Surgical simulation has emerged as a proven training tool with significant potential for refreshing previously acquired skills and learning more advanced procedures and techniques.1 As surgical simulation technology has evolved, one of its earliest users, the University of Cincinnati Medical Center has kept pace with these changes. The UC Medical Center Department of Otolaryngology – Head and Neck Surgery has a long history of using simulation for training, from its early temporal bone laboratory to its current Resident Bootcamp and Midwest Airway course, and the newest expansion of this initiative is a state-of-the-art Surgical Skills Laboratory. The Surgical Skills Laboratory, which is currently under construction and expected to open within the next year, will be available 24/7 and provide critical skills training to all otolaryngology residents in both the adult and pediatric programs.
Charles M. Myer, IV, MD, head and neck surgeon at Cincinnati Children’s Hospital Medical Center who leads this initiative, explains, “The goal of simulation is to provide opportunities for residents to practice in real-world situations without risk to the patient.” Faculty will conduct lectures and workshops in the Skills Laboratory, as well as review videos of the residents performing specific skills to evaluate their competency. Helping residents develop the “muscle memory” necessary to perform both common and uncommon procedures, the Surgical Skills Laboratory will be especially useful in providing an opportunity to practice working with high-risk, low-frequency conditions such as orbital hematomas, thyroid hematomas, and airway foreign bodies.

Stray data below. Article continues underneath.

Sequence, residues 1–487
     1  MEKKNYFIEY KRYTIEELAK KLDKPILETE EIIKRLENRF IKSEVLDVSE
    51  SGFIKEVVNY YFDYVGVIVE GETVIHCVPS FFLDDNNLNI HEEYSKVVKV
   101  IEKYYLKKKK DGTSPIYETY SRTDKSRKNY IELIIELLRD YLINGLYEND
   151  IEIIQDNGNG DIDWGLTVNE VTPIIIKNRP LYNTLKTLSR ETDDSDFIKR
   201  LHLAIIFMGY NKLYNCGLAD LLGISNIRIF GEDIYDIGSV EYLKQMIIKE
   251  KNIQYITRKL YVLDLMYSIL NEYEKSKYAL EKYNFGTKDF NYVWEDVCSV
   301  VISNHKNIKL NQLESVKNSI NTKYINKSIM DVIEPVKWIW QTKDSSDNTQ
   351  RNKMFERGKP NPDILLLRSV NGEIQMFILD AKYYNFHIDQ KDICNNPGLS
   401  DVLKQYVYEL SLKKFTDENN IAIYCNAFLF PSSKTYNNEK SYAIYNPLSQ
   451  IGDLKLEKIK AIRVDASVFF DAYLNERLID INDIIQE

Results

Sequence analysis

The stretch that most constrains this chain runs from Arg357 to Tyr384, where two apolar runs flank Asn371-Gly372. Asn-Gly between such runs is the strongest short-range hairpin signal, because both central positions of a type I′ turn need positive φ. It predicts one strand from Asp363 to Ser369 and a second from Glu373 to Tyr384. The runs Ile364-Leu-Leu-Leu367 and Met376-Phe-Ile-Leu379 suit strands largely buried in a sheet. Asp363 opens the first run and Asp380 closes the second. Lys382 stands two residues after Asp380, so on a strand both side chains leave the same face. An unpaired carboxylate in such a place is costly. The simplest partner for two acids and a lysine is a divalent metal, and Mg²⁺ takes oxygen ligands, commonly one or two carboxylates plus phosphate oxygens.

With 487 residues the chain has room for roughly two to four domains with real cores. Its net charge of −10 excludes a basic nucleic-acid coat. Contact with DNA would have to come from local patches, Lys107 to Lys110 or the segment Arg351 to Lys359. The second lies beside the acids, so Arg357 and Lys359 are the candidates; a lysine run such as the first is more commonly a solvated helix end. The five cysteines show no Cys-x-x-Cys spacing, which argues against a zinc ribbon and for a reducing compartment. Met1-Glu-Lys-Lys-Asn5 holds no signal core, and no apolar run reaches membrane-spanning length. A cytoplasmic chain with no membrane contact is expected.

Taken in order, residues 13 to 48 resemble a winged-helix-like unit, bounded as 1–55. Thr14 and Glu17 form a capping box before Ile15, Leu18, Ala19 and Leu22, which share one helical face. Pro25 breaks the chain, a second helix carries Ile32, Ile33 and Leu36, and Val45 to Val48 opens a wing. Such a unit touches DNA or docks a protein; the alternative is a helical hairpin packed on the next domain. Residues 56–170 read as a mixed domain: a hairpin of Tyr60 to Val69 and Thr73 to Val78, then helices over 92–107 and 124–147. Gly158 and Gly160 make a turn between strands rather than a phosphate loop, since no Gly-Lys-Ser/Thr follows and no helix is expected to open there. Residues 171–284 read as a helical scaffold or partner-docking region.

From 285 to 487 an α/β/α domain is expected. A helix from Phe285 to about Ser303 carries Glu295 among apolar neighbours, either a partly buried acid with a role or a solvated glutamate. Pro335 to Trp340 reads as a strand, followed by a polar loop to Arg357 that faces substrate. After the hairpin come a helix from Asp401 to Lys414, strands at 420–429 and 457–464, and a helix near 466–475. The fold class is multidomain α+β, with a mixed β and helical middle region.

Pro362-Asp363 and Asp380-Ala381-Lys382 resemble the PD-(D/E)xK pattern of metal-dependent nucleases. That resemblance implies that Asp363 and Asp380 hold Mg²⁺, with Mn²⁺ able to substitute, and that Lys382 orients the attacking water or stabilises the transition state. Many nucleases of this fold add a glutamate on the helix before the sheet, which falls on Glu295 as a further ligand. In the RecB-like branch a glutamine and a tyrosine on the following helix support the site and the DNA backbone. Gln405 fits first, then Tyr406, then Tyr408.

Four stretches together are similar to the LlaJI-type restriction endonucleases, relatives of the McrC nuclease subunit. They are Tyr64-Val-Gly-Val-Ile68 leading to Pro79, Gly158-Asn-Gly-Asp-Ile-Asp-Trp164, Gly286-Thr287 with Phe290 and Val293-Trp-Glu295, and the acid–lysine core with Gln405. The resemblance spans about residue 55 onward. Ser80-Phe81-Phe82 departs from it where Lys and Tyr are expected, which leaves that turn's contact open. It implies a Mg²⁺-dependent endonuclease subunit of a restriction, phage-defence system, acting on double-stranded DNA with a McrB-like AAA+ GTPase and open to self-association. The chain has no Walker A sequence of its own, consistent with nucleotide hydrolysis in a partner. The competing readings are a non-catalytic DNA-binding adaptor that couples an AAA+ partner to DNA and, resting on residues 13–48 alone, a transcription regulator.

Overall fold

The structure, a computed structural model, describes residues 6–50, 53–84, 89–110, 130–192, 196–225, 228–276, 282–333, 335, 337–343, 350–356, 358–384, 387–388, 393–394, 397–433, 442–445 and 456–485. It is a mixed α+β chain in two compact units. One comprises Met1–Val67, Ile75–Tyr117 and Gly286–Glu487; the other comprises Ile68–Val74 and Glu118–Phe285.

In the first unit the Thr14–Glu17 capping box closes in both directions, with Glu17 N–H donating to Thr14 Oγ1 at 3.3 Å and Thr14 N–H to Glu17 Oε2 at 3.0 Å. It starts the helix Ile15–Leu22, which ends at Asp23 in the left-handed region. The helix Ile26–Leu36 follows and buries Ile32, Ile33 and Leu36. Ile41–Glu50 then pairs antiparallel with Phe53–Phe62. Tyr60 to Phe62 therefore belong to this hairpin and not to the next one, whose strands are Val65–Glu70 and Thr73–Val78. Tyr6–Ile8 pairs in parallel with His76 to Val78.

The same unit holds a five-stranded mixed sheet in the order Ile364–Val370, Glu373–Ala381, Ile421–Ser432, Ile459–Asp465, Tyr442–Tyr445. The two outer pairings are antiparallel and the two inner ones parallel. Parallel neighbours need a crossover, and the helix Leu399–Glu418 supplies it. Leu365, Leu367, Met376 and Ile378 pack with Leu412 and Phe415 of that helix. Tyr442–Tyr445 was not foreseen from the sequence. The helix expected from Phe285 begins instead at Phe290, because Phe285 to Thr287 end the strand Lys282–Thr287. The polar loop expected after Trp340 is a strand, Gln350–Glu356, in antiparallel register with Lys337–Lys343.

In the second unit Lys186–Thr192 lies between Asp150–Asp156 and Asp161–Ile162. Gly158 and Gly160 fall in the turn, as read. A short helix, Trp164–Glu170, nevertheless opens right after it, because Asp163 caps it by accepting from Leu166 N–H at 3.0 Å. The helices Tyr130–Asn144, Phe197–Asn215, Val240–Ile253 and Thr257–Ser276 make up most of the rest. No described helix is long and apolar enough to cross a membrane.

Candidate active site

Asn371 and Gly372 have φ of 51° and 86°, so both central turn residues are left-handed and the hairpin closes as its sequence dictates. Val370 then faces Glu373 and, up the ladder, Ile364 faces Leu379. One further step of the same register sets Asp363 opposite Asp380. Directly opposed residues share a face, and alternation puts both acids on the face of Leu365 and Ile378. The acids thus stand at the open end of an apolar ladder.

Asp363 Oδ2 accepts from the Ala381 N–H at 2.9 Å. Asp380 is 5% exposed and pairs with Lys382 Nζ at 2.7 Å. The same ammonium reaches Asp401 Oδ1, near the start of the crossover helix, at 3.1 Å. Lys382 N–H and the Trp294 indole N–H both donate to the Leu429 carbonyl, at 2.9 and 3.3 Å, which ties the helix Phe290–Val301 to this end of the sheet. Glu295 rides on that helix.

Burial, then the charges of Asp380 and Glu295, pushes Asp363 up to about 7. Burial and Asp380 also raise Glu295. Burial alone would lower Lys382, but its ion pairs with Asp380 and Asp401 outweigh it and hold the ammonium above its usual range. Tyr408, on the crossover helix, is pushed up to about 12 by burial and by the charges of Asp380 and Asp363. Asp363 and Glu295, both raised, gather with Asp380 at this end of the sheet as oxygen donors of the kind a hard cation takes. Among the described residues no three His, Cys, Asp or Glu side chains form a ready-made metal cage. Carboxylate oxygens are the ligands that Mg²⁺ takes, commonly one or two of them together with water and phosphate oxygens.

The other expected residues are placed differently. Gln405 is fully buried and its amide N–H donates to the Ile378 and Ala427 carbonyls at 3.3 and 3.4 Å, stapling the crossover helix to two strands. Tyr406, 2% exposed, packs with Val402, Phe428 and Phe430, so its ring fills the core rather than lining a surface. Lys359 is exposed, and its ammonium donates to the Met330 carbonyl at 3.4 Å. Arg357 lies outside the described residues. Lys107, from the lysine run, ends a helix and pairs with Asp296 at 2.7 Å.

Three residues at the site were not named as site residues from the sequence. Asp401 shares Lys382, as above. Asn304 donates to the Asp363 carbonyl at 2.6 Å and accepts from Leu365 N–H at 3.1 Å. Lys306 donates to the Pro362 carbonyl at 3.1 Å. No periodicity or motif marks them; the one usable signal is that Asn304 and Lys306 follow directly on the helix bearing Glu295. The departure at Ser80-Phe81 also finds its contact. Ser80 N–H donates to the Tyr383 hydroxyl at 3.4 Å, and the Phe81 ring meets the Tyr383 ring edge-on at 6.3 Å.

Zenker’s diverticulostomy is one example of a procedure that residents will be able to practice before encountering it in the operating room. Myer and his colleagues have submitted for publication their experience with modifications made to a Zenker’s simulator to improve the fidelity and use as a standardized competency assessment tool.2
In the past, University of Cincinnati Medical Center utilized an apprenticeship model with new residents learning by “shadowing” more experienced clinicians, gradually performing more arduous tasks. However, work hour restrictions have made that approach increasingly difficult. In addition to decreased fatigue and improved functionality among residents, it also contributed to an environment where these trainees have fewer opportunities to practice common procedures and less exposure to more uncommon conditions. The Surgical Skills Lab seeks to respond to this evolving training environment. “Having this space will allow us to move forward and improve our simulation-based education,” concludes Myer. “The role of medical simulation is very innovative and I believe we’re on the cusp of a paradigm shift with academic medical centers starting to embrace this new learning technique.”